The components of the diet of a horse that participates in horse racing are of paramount significance. The following are the essential components.
Horses are uniquely programmed by biology to digest large quantities of fiber, with a hindgut that houses vast numbers of bacteria and protozoa. Fiber is especially important because it does not get used up quickly and provides energy throughout the day. A healthy gut is a healthy horse so foods rich in fiber such as clean grass hay and alfalfa hay should form a big part of a race horse’s diet. A more modern alternative is highly digestible fiber is beet pulp made from sugar beets after all the sugar has been removed from it.
Starch from cereals like corn, oats, and barley is also very important. However, starch feeds should be monitored to see if the horse is showing any signs of discomfort. The horse has a relatively small stomach and sometimes, undigested grains can slip into te small intestine. Here it can alter the pH balance of the hindgut, resulting in acidosis. Horses then become anorexic, have increased colic and may exhibit behaviors such as weaving and chewing on wood. A good rule of thumb would be not to feed more than 2.2 kgs of grain at a single meal.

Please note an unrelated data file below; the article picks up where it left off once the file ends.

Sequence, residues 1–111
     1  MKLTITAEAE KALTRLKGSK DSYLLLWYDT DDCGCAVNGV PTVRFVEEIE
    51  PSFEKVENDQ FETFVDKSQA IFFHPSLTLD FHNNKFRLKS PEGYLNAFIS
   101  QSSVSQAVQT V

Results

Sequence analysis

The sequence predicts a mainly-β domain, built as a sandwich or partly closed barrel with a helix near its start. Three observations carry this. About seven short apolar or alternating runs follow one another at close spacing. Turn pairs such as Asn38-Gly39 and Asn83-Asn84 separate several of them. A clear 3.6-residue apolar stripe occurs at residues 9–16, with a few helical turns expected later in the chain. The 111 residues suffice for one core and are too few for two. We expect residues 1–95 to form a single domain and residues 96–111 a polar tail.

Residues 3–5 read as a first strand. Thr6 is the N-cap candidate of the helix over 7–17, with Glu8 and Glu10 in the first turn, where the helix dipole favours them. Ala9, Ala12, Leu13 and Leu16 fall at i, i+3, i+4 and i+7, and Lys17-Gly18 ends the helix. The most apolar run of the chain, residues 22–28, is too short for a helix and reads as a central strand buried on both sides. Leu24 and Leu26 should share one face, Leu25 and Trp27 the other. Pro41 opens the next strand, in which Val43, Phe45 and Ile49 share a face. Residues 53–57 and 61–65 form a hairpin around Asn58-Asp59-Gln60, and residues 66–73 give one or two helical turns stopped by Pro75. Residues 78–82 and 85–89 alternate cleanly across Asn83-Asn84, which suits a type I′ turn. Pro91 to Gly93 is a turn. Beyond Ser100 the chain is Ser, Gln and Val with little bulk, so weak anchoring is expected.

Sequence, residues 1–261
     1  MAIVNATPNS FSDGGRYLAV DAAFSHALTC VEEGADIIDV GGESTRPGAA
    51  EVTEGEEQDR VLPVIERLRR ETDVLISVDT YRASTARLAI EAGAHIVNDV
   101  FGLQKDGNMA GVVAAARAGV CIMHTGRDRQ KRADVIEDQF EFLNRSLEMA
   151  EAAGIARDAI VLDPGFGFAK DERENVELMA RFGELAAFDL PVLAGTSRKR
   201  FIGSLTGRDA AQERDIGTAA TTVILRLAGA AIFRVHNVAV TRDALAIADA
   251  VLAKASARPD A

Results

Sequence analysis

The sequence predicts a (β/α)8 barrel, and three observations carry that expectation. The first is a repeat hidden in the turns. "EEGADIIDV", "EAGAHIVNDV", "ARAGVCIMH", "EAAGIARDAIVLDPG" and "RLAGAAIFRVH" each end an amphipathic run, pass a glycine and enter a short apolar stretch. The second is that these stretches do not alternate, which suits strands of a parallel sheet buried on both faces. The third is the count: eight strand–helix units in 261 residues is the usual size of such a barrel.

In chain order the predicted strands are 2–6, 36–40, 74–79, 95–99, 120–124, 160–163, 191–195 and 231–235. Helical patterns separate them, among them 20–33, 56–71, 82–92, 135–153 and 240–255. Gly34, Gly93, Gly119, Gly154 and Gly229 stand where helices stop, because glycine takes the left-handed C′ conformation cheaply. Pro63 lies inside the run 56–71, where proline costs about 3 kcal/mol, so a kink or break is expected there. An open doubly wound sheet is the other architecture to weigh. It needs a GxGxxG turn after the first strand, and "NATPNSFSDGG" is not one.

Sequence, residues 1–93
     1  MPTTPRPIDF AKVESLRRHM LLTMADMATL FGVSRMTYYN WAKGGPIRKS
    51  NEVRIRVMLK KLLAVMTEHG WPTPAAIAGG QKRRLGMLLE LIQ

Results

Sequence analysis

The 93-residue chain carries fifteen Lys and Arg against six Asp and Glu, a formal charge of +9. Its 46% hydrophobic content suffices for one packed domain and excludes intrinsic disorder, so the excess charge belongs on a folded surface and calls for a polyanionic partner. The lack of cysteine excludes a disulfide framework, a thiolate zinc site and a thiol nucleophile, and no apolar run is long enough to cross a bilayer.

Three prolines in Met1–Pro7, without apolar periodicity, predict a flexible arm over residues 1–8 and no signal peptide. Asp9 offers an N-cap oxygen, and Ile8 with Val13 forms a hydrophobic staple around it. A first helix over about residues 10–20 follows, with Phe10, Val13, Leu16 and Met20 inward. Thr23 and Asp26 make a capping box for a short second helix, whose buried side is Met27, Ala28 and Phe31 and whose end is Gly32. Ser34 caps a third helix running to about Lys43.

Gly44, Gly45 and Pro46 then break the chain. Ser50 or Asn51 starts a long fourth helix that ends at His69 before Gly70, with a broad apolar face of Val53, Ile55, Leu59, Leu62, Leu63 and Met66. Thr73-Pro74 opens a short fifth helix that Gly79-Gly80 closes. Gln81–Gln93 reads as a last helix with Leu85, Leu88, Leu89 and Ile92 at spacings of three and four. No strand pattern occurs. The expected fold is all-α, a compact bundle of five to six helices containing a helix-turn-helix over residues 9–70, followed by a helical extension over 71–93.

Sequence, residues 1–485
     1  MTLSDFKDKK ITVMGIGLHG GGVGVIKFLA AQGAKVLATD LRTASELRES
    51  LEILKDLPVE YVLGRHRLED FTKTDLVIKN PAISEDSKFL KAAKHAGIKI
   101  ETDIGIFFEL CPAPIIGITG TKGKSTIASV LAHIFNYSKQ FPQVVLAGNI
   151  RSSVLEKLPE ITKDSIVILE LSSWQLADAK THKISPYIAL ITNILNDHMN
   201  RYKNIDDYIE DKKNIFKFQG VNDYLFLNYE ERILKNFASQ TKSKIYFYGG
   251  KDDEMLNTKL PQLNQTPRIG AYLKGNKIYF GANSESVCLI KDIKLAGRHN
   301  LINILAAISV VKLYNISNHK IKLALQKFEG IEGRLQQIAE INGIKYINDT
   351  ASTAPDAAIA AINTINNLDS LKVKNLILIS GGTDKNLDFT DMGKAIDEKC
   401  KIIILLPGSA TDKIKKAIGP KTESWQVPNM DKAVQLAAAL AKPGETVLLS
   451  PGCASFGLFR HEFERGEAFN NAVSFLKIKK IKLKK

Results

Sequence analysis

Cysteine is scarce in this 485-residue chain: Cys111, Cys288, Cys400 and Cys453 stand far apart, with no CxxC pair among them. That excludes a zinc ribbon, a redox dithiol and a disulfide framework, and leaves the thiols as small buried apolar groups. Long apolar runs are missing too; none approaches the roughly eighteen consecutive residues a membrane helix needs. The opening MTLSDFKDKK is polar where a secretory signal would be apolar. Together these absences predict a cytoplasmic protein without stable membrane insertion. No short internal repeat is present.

Although fat is not a natural part of a horse’s diet, they are able to easily digest vegetable fats, even up to 90% of it. This makes it a very safe and easy to manage component of their diet. research has shown that horses who regularly get fat in their diet race better even when the sources of protein or fiber are reduced.
Any protein that is not being used to build up the skeletal system of a race horse, can become a source of energy fuel. The amino acids can be extracted by their liver and the nitrogen is easily expelled as ammonia. However, over-feeding of proteins means the water intake of the animal has to increase and also it may lead to a greater urea content in the blood.